Van der Westhuizen enjoyed an outstanding career
Former South Africa captain Joost van der Westhuizen has been diagnosed with a form of motor neurone disease.
The 40-year-old made his name as one of the world's best scrum-halves during an 89-Test career which saw him secure a World Cup winner's medal in 1995.
He is also his country's joint-record try scorer - with 38 - alongside current Springboks wing Bryan Habana.
His publicist Bridget van Oerle said Van der Westhuizen has a "serious muscle-related neural disease".
She added: "Joost's doctor, who is also a close family friend, noticed that he was having problems with his right arm and ran a series of tests.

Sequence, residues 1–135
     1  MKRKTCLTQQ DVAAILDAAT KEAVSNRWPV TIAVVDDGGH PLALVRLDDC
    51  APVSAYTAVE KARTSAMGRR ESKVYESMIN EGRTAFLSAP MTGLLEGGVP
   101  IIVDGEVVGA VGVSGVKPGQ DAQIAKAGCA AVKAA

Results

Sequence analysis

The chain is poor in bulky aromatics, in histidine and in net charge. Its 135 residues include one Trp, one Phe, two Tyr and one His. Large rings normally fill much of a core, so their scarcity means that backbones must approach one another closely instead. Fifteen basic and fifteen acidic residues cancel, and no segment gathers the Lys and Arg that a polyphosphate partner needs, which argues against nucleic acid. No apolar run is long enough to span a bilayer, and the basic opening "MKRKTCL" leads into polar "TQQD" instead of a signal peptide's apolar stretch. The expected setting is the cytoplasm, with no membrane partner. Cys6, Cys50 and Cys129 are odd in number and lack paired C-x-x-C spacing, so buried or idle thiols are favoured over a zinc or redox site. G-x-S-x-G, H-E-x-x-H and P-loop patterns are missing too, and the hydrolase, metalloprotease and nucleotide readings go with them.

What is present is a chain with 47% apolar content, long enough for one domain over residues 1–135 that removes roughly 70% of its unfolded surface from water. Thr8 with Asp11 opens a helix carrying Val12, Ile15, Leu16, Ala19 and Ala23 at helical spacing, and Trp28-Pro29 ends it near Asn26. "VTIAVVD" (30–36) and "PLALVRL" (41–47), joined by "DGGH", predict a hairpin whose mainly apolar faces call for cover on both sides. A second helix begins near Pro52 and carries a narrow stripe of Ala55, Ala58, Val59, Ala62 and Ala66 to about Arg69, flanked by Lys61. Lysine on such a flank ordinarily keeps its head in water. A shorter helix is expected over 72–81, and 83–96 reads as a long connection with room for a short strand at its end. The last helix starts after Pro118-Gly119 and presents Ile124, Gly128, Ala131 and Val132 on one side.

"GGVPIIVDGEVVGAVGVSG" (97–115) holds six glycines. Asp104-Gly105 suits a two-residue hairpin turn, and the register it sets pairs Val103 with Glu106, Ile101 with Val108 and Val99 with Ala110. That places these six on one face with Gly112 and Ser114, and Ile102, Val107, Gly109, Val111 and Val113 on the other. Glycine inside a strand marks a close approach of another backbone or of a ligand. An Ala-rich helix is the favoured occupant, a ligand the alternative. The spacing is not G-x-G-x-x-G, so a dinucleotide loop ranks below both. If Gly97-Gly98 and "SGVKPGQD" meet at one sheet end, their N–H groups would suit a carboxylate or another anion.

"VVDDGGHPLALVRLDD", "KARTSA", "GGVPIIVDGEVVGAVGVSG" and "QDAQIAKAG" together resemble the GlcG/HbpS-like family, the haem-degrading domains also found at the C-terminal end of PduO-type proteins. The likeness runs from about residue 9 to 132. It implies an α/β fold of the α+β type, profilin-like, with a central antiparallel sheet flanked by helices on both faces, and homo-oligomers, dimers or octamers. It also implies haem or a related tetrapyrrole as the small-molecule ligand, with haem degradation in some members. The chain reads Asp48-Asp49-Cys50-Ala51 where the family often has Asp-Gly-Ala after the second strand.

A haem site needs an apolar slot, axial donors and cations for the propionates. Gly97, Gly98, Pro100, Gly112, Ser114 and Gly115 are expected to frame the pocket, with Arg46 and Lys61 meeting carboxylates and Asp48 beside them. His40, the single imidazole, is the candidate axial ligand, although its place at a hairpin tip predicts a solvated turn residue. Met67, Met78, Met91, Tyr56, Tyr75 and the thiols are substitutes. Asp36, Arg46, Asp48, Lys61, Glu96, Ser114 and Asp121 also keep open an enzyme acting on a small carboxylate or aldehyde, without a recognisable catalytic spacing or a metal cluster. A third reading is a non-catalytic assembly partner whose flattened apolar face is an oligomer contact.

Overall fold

"He has also consulted two neurologists and has begun immediate treatment.
"The symptoms are serious and vary from person to person. The media is requested to respect his privacy at this time."
Van der Westhuizen also captained his country at the 1999 World Cup, where they reached the semi-finals, and played his final Test in the quarter-final loss to New Zealand at the 2003 tournament.
He has endured some difficult times during the last few years.
In 2009 he was admitted to hospital after suffering a suspected heart attack after watching a Test between South Africa and the British and Irish Lions, while his marriage came to an end in 2010.
His former South Africa team-mate Andre Venter has also suffered with a form of motor neurone disease and now uses a wheelchair.